Continuous Crystallization of ZnO Nanoparticles by Spray Flash Evaporation versus Batch Synthesis

Significance Statement

ZnO is very well known in the field of medical, pharmaceutical, and cosmetic uses (fluorescence-carrier, creams, sun blocker etc.). Moreover its outstanding optoelectronic characteristics, a wide band gap combined with a large exciton binding energy, makes it an attractive material for applications like sensors, light emitting diodes (LEDs), field effect transistors (FETs) and many more. Besides, ZnO provides, due to its semiconducting nature, a band structure that can be altered by material functionalization or downscaling the matter to the nanoscale, or more precise, to the quantum regime. Consequently, an accelerated and up-scaled industrial processing of ZnO with diverse features is of uppermost interest.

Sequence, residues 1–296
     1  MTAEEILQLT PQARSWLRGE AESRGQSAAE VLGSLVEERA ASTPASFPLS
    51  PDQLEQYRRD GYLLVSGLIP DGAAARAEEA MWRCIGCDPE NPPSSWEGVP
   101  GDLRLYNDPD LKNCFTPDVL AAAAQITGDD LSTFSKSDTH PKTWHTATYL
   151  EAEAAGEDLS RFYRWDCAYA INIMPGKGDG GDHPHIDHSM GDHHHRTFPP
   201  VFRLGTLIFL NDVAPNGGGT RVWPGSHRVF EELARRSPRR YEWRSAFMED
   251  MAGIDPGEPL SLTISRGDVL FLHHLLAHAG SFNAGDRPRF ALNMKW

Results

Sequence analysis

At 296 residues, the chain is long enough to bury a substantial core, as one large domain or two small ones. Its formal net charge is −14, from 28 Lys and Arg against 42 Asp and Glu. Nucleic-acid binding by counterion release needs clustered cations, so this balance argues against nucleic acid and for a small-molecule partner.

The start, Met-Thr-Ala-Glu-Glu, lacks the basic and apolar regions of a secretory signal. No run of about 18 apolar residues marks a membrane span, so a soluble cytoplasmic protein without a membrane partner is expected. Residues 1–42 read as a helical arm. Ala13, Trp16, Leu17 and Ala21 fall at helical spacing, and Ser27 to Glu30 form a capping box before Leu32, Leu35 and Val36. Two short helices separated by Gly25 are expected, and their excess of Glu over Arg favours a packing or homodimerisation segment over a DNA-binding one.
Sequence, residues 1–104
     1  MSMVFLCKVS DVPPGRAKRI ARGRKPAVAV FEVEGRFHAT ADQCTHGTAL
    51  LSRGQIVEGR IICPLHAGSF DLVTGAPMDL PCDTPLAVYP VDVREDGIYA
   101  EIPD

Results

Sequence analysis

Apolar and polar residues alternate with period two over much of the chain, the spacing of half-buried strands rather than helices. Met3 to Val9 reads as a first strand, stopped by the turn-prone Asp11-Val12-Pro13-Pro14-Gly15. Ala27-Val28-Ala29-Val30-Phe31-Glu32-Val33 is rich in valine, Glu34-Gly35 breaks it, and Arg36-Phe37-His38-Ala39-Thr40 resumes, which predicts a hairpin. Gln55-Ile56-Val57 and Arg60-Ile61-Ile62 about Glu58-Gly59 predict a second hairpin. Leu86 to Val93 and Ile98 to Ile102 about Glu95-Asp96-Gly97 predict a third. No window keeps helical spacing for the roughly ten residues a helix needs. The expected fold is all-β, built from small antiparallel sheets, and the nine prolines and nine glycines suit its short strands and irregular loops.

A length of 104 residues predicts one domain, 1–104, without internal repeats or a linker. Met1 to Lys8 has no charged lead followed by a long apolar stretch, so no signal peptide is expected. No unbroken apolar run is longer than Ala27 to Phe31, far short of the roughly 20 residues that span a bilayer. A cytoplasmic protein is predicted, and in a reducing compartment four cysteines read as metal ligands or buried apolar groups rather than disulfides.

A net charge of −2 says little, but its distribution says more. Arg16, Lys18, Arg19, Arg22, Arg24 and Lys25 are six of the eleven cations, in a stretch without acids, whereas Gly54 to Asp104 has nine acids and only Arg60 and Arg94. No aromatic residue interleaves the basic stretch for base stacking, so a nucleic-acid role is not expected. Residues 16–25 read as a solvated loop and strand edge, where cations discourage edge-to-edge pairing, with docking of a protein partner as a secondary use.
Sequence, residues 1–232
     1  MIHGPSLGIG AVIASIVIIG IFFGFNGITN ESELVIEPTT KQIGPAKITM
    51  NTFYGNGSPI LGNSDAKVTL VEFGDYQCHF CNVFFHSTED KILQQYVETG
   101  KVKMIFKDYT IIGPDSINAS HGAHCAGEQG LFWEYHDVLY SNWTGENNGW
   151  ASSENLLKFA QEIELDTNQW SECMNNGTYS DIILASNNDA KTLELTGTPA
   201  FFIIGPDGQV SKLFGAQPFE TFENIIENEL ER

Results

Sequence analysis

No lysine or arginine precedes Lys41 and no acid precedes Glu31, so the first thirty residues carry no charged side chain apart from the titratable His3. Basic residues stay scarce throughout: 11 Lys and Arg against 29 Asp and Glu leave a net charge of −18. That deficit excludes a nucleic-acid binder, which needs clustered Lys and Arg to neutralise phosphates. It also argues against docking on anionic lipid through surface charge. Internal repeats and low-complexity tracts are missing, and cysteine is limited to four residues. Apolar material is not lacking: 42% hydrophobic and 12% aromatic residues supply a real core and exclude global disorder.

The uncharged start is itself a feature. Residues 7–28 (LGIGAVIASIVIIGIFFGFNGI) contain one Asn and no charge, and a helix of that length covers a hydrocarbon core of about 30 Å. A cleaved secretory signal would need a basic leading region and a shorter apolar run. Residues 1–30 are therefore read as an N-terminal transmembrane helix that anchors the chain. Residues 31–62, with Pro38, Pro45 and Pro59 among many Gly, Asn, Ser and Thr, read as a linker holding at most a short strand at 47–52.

Up to now there are only a few continuous production methods known in academic and industrial environment. These methods are mostly based on precipitation processes which are based on batch – or up-scaled batch methods.

In our work we present a pilot plant device for the continuous ZnO nanoparticle production from Zinc acetate in ethanol. Transformation from the precursor to ZnO is driven by a small amount of water. The pilot plant is divided into a high pressure and a low pressure (vacuum) zone. At the interface of these two zones a nozzle is placed which provides a precursor spray into an evacuated reaction chamber. The spray is flash evaporated and subsequent nucleation and crystallization of ZnO occurs. Particles from the aerosol stream are separated by two axial cyclones. Two tanks and two cyclone pathways ensure a continuous production.